Angle Heavy Bag
The angle heavy bag is constructed similarly to a conventional heavy bag, but it’s usually shaped so that the upper half of its body is larger in diameter, with it curving downwards to a thinner lower half.
They can vary in shape, with some angle heavy bags having a thin middle with the top and bottom being larger, but they all have an angle that enables you to connect with uppercuts, as well as other angled and normal punches.
Uppercut Heavy Bag
The uppercut heavy bag can be described as a conventional heavy bag hung horizontally, instead of vertically. They usually weigh between 40-60 lbs, and held up by straps instead of chains.
The type of punches that can be practiced on the uppercut heavy bag, are like the name suggests, uppercuts, but you can it’s also good for practicing jabs and straight punches.
One of the most versatile bags around is the maize bag, as its tear or round shape allow you to practice an array of punches and defensive maneuvers such as slipping, ducking and rolling under the bag.
It also differs from other heavy bags because its filled with maize (corn) inside, which feels harder and absorbs impact rather than bouncing it back. Prolonged sessions can damage your hands, so it’s wise to limit your time on the maize bag, and don’t exert too much power on it.
Heavy Bag Support
Hanging your heavy bag consists of two main supports, a wall mounted bracket and a free standing support frame and a wall-mounted bracket. Again, your choice will all depend on the location and space availability.
Wall Mounted Bracket
The primary solution for hanging your heavy punching bag should be via a wall mounted bracket. They’re extremely sturdy when secured properly onto a solid wall, and it must be stressed that it is properly secures and your wall is built to withstand the weight of a 40-100+ lbs heavy bag with the pressure of consistent forceful impact.
Free Standing Support Frame
You will have to resort to a free standing support system if you cannot or don’t want to use a wall mounted bracket. They are designed more for home use, and you usually won’t find these in boxing gyms. The common problems with free stands are:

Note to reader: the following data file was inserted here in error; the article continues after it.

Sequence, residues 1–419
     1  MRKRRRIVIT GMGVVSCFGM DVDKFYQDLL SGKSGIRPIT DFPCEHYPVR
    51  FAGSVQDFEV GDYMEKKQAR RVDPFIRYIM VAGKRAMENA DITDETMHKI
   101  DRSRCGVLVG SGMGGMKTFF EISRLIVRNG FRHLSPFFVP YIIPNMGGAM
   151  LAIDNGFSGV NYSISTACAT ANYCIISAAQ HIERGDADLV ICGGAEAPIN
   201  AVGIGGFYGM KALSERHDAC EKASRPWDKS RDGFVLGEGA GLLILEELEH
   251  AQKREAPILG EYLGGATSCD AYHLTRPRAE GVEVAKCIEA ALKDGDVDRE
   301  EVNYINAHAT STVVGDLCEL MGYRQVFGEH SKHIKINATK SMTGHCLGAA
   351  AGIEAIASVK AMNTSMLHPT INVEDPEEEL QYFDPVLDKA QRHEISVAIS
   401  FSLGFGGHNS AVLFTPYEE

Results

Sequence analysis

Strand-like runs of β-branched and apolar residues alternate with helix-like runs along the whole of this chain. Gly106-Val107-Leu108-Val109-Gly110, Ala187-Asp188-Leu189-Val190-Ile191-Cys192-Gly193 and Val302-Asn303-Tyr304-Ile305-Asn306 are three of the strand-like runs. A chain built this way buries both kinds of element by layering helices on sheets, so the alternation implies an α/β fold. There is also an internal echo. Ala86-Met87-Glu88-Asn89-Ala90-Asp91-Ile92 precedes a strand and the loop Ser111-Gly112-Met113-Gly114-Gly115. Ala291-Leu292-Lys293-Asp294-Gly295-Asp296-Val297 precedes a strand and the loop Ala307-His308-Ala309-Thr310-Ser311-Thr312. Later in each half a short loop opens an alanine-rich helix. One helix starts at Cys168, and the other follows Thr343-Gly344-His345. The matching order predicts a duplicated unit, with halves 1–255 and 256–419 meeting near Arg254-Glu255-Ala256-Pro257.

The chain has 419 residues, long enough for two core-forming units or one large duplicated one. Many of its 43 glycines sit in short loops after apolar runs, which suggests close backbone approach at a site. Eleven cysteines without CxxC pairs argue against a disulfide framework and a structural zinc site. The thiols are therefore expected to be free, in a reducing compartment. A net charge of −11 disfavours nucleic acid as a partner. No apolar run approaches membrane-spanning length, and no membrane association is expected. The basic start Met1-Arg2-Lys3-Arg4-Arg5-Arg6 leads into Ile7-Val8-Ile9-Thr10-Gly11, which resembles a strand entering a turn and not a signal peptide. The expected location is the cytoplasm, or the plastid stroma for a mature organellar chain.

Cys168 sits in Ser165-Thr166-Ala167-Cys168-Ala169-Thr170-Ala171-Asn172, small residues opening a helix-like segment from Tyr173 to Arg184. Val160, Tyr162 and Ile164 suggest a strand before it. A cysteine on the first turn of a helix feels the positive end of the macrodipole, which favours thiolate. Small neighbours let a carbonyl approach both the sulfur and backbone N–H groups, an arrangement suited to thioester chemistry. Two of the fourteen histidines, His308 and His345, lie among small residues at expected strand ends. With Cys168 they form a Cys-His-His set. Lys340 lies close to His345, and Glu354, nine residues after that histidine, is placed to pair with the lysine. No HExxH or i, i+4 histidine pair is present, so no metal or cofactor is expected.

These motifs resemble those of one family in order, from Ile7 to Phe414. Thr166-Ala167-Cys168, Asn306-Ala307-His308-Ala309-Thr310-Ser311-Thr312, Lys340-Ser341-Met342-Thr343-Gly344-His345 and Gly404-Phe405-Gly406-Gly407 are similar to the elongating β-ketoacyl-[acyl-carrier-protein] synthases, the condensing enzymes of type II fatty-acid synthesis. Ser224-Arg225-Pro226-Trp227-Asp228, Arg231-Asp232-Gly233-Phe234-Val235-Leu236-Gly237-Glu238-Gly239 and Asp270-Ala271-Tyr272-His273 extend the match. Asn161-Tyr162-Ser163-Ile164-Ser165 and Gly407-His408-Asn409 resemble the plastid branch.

- They’re sometimes not tall enough to hang a heavy bag so it has an optimal punching level for people above 6 ft. tall.
- The frame can move around, even with weights stabilizing the legs.
- The frame doesn’t allow for free movement around the entire bag.
However, providing you have a enough space and purchase a high quality free standing system, it’s still a good solution for domestic workouts. Some free standing systems can hold several heavy bags, and you’ll usually see double sided frames that can support a heavy bag on one side, and a speed bag on the other.
You can compare 5 of the best-rated free standing support frames here
Free Standing Heavy Punching Bag
If you’re really limited on space, then you can get a free standing heavy bag. It has a lower base, which can be filled with sand or water, with an attached vertical pole in the center, and the bag wrapped around it.
You’ll find that heavy impact will rock the base back and forth, with the entire unit tumbling over sometimes. Also, it doesn’t give you the swing and same feel as a hanging heavy bag, which limits versatility.
The good thing is that you can easily circle around it with your footwork, and it’s convenient for homes since it can be rolled on its base and stored away.
You can compare 5 of the best-rated free standing heavy punching bags here
Body Opponent Bag (BOB)
You would normally find BOBs in martial arts gyms rather than boxing gyms, but since I’ve seen them in a few boxing gyms before, I thought I would include it also. A BOB is a lifelike mannequin consisting of an upper body constructed from high density plastics, rubber a foam interior.
It’s not very practical for practicing punching combinations or working on your power, simply due to its inconsistent shape. However, it is useful for target practice. I find that it’s more effective to wear smaller MMA type gloves rather than traditional boxing gloves for practicing on the BOB.
With so many different types of heavy punching bags to choose from, it can be confusing when deciding which one to go for, especially when you’re limited to just one.
A free standing heavy bag should only be considered if you’re limited on space you don’t do rigorously train everyday. However, they tend to be more expensive than conventional heavy bags, often being double the price for good quality models.
In any case, I would always recommend conventional heavy bags or the angle heavy bags. They’re essential for serious fighters and athletes that want to gain the most from their workouts. Not to mention that you can pick up decent quality heavy bags for less than $150.
To get the most out of your training, I highly recommend the following articles:
► How to Increase Punching Power
► 10 Tips to Improve Boxing Footwork
► Boxing Basics
► Top 10 Best Heavy Punching Bags
► Top 10 Best Boxing Gloves